Special Event


Sam Cornish Poetry Award: Elizabeth McKim and Askia Touré

Longfellow House Washington's Headquarters National Historic Site



Dates & Times


Sunday, August 7, 2022


3:00 PM


1 hour

Type of Event



Elizabeth Gordon McKim is a poet, teacher, and spoken word artist, whose roots are embedded in the oral tradition of song, story and chant. Born in Hartford Connecticut in 1938, she has authored six collections of poetry, including The Red Thread (2003) and Lovers in the Free Fall (2020). She is the poet laureate of the European Graduate School for Expressive Arts, and is affectionately known as the Jazz Poet of Lynn. McKim’s poetry is both local and global, inclusive, wide ranging, incisive, freedom-seeking, bluesy, jazzy, spirited and streetwise. She inspires and has been inspired by poets and writers of diverse ages, traditions, and cultures. She engages with language making, origin stories, works of the imagination and the pressing issues of our life and times. She throws out the life-line in long chanting lines, and brings it back home in the compression of a haiku.

Askia M. Touré is one of the pioneers of the Black Arts/Black Aesthetics movement and the Africana Studies movement. A co-founding Architect of the eminent Black Arts Movement, Mr. Touré revolutionized African-American literature with the creation of an ethnic-based Aesthetic. In 1967/68, at San Francisco State University, he taught African history in the first Africana Studies program located at a majority university. Ishmael Reed has called Askia Touré “the unsung poet laureate of cosmopolitan Black Nationalism.” His books include From the Pyramids to the Projects, winner of the 1989 American Book Award for Literature; African Affirmations: Songs for Patriots: New Poems, 1994 to 2004, and Mother Earth Responds. In 1996, he was awarded the prestigious Gwendolyn Brooks Lifetime Achievement award from the Gwendolyn Brooks Institute in Chicago. His screenplay for “Double Dutch: A Gathering of Women,” won the 2003 Roxbury International Film Festival Best Director Award. Since August 2019, Mr. Touré has been reading with the Makanda Orchestra, beginning with a celebration of the South African musician Ndikho Xaba.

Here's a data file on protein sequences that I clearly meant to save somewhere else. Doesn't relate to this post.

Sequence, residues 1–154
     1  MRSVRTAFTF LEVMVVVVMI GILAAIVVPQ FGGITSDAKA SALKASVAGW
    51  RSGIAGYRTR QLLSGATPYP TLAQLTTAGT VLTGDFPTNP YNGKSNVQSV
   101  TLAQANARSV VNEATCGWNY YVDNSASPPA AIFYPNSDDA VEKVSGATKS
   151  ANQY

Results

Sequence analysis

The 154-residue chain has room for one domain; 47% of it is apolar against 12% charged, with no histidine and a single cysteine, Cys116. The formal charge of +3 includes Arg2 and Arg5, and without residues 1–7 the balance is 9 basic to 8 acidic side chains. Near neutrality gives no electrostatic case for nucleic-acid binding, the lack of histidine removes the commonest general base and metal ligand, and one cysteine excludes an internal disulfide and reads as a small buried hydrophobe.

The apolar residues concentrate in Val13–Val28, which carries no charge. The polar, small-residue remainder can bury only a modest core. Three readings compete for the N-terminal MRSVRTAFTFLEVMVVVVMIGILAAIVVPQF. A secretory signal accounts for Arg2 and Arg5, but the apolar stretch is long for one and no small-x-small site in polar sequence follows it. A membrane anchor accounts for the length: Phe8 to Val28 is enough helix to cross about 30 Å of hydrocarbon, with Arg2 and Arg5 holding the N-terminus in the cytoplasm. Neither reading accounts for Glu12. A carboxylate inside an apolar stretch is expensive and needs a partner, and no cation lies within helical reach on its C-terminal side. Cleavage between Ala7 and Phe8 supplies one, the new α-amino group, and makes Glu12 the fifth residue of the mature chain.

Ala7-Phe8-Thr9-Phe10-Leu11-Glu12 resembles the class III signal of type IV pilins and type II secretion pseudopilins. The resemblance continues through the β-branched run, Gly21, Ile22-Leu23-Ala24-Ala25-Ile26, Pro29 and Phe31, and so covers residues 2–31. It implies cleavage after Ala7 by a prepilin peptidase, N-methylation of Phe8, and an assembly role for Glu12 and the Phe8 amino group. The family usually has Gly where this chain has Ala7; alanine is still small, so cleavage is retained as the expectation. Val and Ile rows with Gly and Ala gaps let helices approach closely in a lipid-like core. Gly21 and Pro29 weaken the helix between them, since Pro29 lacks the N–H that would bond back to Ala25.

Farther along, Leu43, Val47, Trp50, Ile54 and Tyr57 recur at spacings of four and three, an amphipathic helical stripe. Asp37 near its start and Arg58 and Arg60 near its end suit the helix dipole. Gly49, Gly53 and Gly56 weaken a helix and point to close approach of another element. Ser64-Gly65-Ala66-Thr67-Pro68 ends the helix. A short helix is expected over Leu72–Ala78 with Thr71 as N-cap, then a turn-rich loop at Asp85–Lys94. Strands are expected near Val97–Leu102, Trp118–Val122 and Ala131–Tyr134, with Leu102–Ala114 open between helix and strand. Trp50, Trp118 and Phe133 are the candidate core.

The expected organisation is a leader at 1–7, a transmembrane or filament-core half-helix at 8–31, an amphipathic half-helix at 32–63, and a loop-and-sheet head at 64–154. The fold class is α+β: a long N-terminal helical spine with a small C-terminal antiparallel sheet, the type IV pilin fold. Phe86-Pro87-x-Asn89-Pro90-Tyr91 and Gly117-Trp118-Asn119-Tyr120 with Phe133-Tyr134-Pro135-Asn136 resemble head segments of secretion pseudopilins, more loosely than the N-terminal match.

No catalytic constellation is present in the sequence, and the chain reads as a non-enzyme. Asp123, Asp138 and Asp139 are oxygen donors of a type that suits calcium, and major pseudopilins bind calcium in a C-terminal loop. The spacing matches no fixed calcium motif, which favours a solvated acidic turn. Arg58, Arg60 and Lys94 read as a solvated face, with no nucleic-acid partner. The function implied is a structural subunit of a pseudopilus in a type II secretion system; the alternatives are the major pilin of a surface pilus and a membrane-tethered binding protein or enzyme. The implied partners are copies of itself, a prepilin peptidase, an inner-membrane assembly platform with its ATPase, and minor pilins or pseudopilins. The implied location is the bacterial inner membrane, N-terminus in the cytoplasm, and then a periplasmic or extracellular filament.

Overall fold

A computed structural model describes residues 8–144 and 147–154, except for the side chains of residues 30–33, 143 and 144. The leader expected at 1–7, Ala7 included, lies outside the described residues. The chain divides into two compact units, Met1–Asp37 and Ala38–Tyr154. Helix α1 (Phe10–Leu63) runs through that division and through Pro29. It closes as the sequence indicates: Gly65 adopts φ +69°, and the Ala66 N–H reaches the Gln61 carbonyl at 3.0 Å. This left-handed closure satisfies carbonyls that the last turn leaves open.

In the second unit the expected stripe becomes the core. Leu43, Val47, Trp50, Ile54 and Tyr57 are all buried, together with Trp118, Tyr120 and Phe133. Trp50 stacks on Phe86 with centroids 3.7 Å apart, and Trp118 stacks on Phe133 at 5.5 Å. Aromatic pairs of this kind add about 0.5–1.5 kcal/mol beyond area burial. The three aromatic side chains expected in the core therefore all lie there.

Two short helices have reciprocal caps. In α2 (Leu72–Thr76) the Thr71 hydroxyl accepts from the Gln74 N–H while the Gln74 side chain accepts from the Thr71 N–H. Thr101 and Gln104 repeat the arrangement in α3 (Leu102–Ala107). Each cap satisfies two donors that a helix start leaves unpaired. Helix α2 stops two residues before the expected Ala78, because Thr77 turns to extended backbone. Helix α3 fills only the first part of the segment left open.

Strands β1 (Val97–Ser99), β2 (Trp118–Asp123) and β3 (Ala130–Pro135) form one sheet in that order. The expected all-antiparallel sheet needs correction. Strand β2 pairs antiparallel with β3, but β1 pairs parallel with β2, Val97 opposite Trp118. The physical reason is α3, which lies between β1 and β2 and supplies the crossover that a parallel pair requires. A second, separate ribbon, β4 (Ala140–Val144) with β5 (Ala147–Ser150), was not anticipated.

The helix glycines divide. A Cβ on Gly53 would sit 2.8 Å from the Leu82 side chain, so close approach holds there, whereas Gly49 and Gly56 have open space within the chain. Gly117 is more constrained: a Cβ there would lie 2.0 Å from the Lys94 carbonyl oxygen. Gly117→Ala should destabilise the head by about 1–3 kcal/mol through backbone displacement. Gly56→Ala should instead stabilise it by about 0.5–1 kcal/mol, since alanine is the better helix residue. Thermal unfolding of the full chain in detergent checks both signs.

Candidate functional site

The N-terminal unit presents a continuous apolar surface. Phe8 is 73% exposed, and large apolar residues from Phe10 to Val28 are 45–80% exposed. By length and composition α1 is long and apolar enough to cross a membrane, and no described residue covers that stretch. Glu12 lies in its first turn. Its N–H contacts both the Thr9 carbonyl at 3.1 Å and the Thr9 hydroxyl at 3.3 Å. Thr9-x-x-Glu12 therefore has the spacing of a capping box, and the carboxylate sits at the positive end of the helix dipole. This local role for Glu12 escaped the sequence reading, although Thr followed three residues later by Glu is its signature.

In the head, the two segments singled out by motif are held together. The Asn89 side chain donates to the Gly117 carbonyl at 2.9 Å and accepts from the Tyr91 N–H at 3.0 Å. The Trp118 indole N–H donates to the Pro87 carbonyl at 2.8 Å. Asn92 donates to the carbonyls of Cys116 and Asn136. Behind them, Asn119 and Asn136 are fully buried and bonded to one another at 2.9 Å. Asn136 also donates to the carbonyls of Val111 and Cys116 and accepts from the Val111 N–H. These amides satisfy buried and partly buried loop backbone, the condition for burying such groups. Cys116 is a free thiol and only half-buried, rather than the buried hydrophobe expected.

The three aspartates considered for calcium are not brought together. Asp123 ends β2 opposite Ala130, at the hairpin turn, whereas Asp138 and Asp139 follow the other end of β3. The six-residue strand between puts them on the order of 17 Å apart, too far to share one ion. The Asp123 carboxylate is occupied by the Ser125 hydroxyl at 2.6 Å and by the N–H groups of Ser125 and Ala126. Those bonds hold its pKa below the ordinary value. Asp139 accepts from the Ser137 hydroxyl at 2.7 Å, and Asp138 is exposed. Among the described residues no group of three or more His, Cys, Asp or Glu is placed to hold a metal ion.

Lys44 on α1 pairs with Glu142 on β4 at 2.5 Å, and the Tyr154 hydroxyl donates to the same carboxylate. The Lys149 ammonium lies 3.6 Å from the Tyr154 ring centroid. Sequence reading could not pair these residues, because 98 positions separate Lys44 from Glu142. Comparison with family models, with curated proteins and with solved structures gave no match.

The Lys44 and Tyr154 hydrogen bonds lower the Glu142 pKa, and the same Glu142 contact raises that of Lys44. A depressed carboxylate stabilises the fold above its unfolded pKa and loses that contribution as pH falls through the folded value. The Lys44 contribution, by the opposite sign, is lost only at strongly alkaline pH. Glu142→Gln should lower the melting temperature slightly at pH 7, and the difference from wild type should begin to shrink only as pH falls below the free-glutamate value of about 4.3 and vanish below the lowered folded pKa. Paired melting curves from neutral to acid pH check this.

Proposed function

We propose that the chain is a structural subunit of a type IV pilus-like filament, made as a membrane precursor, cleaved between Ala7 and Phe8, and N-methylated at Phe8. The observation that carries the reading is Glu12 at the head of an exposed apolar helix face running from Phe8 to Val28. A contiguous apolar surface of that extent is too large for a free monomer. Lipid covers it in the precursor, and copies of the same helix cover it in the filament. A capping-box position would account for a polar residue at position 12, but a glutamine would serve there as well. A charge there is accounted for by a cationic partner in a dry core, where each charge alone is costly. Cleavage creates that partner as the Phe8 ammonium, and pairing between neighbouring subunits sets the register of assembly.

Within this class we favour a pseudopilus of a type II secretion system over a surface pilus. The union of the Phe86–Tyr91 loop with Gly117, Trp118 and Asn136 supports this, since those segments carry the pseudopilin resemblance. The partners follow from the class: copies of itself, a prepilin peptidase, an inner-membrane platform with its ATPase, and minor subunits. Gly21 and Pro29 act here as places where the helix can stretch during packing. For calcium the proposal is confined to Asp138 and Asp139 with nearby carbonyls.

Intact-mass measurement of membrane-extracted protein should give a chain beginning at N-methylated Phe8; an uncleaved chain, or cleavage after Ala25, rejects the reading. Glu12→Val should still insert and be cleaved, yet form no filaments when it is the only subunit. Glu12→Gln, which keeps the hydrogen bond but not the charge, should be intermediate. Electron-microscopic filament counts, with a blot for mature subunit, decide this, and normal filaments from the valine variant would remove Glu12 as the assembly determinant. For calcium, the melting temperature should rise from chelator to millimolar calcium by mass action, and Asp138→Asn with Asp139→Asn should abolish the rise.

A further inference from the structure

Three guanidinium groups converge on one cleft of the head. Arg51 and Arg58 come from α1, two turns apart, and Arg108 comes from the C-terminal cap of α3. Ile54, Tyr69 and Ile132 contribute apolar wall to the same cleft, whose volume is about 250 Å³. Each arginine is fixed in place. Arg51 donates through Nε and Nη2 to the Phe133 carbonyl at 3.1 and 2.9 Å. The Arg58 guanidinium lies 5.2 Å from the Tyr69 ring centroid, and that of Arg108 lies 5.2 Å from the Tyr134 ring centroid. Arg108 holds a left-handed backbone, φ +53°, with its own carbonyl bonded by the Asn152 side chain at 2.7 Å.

The Longfellow Summer Festival is a tradition nearly as old as the national historic site itself. Join us in celebrating our 50th anniversary in 2022! This annual festival brings music, poetry, and community to the East Lawn of the Longfellow House on Sunday afternoons through the summer. The 2022 Summer Festival will kick off on Sunday, June 5. All events are free and open to the public.

The series is co-sponsored by the Friends of Longfellow House-Washington's Headquarters, the New England Poetry Club, and Berklee College of Music.

More information

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